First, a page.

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London:
PRINTED FOR C. & J. RIVINGTON,

st. PAUL'S CHURCH-YARD,
AND WATERLOO-PLACE, PALL-MALL.

Printed by R. Gilbert, St. John's-square, London.

THE

(Continued. from p. 485, vol. 5.)
V. 1. “ BLESSED him."-Voluntarily confirmed

to him the blessing which he had before obtained

by subtilty.

V.4. « Blessing of Abraham."-Not only the

inheritance of the land of Canaan, but that God

should be his God, and that the promised Messiah

should be of his seed :-in short, all those privileges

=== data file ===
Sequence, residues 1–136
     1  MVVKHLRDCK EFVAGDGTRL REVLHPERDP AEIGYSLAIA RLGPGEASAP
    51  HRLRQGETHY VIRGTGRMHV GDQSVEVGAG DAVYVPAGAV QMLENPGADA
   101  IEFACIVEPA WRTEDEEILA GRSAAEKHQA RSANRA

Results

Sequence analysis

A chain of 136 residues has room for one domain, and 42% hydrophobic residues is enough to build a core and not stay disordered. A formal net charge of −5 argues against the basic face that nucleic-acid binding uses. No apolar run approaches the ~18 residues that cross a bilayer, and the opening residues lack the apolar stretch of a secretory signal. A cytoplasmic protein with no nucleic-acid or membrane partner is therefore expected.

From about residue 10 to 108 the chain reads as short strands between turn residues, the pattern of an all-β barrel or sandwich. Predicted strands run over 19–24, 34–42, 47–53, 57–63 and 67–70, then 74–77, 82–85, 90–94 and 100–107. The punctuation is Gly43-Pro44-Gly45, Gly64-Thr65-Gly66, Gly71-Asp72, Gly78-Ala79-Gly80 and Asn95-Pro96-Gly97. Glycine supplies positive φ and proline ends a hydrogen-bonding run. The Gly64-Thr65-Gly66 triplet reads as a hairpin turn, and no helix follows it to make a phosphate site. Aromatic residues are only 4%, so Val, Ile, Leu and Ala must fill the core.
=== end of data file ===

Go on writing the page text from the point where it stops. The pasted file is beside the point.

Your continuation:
mentioned in Rom, ix. 4, 5.

V.6-9. Esau took this step to please his father

and mother,—but in no part of his conduct does he
appear to have been influenced by a regard to the
will of God. He was one of those common cha-
racters, whose first object is their own gratification,
but who, when it does not too much contradict
their own inclinations, are willing to please others.
But their kindness just depends on the humour of
the moment:-it is not that Christian love, spoken
of by the apostle, (1 Cor. xiii. 4,5.) “ which suffereth
long, and is kind; and seeketh not her own."

V. 10–12. “Who is a God like unto thee, that
pardoneth iniquity, and passeth by the transgression
of the remnant of his heritage? He retaineth not
his anger for ever, because he delighteth in mercy.”
No. 1. VOL. VI.

B

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